To change land use, a new buyer must either seek permission from the DC—this has not been taken by Skylight. Alternately, he may purchase and re-register land, paying a fresh stamp duty.
Vadra’s contacts could have been useful in ensuring a plum highway position, or even granting of a licence post haste.
Similarly, the second agreement in September 2012, according to a letter ordering a probe into the transaction, was in contravention of the East Punjab Holdings (Consolidation and Prevention of Holdings) Act, 1948. The letter was sent by IAS officer Ashok Khemka, then inspector-general of registration, Haryana, who also ordered a probe into the ‘real value’ of the property. Three days after the ‘mutation’ was cancelled by Khemka, he was transferred out. “There are times when permission is given to sell land in an unconsolidated area, but only for urgent cases, such as the marriage of a daughter of a resident, who may want to raise money by selling the land, but it is never given for commercial purposes,” says a state official.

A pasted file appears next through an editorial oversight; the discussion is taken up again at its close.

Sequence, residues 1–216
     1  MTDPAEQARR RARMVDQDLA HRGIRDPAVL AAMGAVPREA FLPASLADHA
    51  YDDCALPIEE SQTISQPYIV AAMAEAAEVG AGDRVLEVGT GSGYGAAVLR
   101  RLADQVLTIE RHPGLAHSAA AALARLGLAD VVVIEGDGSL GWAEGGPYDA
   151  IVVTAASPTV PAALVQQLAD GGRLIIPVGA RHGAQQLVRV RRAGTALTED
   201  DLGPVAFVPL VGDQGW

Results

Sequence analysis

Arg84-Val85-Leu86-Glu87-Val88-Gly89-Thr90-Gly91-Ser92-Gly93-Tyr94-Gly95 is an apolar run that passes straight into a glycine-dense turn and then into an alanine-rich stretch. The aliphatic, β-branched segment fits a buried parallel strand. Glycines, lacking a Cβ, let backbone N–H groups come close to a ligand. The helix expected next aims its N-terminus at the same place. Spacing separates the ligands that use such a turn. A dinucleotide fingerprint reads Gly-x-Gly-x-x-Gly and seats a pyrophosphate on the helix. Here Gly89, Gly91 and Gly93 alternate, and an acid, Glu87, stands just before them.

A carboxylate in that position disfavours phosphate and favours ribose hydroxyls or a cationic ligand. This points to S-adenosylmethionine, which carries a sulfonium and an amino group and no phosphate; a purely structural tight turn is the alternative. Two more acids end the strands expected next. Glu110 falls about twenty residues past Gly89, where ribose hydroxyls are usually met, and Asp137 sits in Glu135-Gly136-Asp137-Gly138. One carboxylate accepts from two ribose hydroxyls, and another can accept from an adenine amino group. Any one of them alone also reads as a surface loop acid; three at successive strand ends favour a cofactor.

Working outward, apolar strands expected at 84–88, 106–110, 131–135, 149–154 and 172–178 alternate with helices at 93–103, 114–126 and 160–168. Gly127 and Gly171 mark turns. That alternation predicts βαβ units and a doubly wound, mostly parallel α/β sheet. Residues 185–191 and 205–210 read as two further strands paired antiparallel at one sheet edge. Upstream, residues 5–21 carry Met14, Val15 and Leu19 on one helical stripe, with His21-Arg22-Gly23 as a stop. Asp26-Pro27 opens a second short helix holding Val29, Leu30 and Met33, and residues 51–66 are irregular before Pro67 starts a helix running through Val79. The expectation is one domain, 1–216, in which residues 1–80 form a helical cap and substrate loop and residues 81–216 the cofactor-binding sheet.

The location of the plot—in an unconsolidated area—is worthy of examination. “Think of an unconsolidated area like an old ten-paisa coin with irregular sides. Its owners are scattered across the zone, each claiming different-sized portions, but no individual plots are demarcated,” says another official. Could Vadra’s connections have proved useful in ensuring he landed a plum highway location? Or, did Onkareshwar Properties’ Satyanand Yajee, a man said to be close to Haryana CM B.S. Hooda, already own land along the highway?